The next time someone says trans people shouldn't get to play sports, send them this.

For about a week before the 2018 Boston Marathon, news outlets around the country were busy freaking out about the idea of transgender athletes competing.

Specifically, the worry seemed to be that trans women (people who transitioned from male to female) would have an unfair advantage over cisgender (non-trans) women. Right-wing commentator and anti-trans ideologue Ben Shapiro painted the decision as a type of slippery slope that will eventually lead to the abolition of gender categories as a whole, saying, "Biological women will never win a marathon — ever — in history because men are faster than women on average."

Do Shapiro and others skeptical about the idea of trans women competing with other women in sporting events have a point? Not really.


If trans women have such an advantage, why haven't there been any truly dominant trans athletes? Because they don't.

A few years back, I wrote a fairly detailed breakdown of trans athletes' fight to be able to compete in the sports they love for Vice Sports. The article, "Heroes, Martyrs, and Myths: The Battle for the Rights of Transgender Athletes," centered around Minnesota's struggle to determine how to handle trans athletes. But the research remains relevant whenever these sorts of controversies arise — which, sadly, is pretty often.

The argument goes like this: Because cisgender (or those who identify with the gender assigned to them at birth) boys and men are typically stronger and faster than cisgender girls and women, transgender girls and women should have to compete against cisgender boys and men.

But this argument leaves out the important fact that trans girls and women are not the same as cis boys and men, especially trans girls and women who've undergone hormone replacement therapy.

In 1976, a trans tennis player by the name of Reneé Richards wanted to compete in the women's division at the U.S. Open. At the time, a number of people argued that she had an unfair advantage and would dominate the women's circuit.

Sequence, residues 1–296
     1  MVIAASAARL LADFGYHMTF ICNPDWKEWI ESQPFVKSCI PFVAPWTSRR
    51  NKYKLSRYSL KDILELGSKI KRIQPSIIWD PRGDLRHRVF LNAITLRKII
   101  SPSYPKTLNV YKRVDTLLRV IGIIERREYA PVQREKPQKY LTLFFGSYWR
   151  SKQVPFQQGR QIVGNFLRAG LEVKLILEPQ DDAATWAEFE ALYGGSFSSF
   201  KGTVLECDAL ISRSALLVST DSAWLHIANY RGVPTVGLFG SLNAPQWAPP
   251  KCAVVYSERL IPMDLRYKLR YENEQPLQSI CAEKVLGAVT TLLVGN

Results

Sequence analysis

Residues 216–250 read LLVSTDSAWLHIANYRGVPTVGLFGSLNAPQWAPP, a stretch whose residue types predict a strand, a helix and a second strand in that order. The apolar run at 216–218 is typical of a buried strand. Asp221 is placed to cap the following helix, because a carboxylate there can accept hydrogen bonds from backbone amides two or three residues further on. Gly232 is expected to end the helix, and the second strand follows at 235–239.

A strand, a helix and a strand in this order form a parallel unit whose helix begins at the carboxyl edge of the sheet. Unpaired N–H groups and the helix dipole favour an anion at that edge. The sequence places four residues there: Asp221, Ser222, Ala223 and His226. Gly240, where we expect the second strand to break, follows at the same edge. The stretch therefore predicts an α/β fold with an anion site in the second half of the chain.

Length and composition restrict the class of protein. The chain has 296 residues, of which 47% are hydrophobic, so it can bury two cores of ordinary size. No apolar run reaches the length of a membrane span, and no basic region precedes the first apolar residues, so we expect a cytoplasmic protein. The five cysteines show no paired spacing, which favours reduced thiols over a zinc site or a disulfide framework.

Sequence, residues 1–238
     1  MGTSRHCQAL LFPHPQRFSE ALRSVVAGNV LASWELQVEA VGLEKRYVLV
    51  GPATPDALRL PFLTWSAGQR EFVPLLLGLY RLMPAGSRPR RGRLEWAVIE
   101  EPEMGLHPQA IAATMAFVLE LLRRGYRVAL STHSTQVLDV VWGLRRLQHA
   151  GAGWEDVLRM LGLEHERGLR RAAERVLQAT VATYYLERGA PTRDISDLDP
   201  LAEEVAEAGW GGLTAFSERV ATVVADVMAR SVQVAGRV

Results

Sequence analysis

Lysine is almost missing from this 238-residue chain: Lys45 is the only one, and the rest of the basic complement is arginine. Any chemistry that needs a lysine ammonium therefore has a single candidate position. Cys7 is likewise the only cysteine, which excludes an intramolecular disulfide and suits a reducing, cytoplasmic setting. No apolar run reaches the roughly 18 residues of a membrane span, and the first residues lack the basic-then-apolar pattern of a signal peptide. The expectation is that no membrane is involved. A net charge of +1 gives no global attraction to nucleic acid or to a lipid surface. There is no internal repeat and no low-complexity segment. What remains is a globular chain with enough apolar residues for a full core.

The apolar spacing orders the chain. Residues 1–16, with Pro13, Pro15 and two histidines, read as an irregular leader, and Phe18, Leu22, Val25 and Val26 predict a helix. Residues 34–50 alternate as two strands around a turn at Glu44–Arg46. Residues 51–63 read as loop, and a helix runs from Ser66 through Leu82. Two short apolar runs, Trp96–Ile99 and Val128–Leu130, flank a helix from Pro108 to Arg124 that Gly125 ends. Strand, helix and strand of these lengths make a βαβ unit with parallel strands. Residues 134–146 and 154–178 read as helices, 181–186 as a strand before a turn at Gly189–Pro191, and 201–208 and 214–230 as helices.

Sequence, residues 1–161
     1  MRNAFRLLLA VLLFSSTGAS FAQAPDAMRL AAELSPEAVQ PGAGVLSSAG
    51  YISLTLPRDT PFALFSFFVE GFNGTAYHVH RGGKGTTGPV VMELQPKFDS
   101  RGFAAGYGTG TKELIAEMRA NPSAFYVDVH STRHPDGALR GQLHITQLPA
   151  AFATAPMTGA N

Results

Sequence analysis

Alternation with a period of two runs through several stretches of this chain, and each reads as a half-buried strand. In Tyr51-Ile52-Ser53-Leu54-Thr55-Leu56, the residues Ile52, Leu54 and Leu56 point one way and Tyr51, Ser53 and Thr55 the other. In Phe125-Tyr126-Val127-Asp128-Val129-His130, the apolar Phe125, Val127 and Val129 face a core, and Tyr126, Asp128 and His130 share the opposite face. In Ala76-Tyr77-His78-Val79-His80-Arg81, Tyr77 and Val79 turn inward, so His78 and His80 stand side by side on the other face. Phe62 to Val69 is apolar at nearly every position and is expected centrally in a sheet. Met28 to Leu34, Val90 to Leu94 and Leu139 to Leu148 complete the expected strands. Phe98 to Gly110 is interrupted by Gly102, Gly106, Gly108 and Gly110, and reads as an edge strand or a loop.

A quick look at the stats shows that's not the case. Prior to her transition, Richards competed in the men's division, where she was fairly mediocre (two wins, five losses). Post-transition, competing against women, she was ... also fairly mediocre (66 wins, 110 losses).

A 1977 photo of Renee Richards on the tennis court. Photo by Gaffney/Liaison.

Since then, a handful of openly trans athletes have surfaced, almost all with the same "unfair advantage" bogeyman attached to them. Trans mixed martial arts fighter Fallon Fox was never as dominant as people warned (to date, she has a career record of four wins and one loss), never making it to the UFC. In fact, in Fox's only fight against a fighter who would eventually compete in the UFC, she was knocked out in the third round.

There are no trans LeBron Jameses dominating the WNBA or trans Cristiano Ronaldos racking up Women's World Cup victories. There's a good reason for that: Despite concerns, trans women really don't have an athletic advantage.

Hormones play a big role in determining what sort of advantage an athlete has — or doesn't have.

"Research suggests that androgen deprivation and cross sex hormone treatment in male-to-female transsexuals reduces muscle mass," said Dr. Eric Vilain, professor and director of the Center for Gender-Based Biology and Chief Medical Genetics Department of Pediatrics at UCLA in a 2010 report. "Accordingly, one year of hormone therapy is an appropriate transitional time before a male-to-female student-athlete competes on a women's team."

In other words, after about a year on hormones, pretty much any advantage a trans woman might have had will be wiped out.

Golfer Mianne Bagger became the first trans woman to qualify for the Ladies European Tour in 2004. She never won a pro tournament. Photo by Fabrizio Villa/AFP/Getty Images.

This is why an increasing number of entities are establishing reasonable rules when it comes to determining a trans athlete's eligibility. The NCAA and International Olympic Committee both require that trans women undergo hormone replacement therapy before competing in women's divisions.

Anti-trans policies aimed at trans women often wind up creating situations where actual advantages exist — for trans men.

In both 2017 and 2018, high school wrestler Mack Beggs took home the state championship in the girls division. Many say Beggs had an unfair advantage, and they're absolutely right: Beggs is a trans boy who takes testosterone to treat his gender dysphoria. He wanted to compete against other boys, but a Texas state rule says that athletes must compete against the gender listed on their birth certificate.

Beggs was left with an impossible decision: compete against girls, end medical treatment, or quit the sport he loves. He chose to compete. After all, it's not his fault that ridiculous rules forced him into a division where he doesn't belong, and he really shouldn't have to stop his medical treatment or quit a sport just because of it. Trans athlete Chris Mosier came to Beggs' defense on Twitter.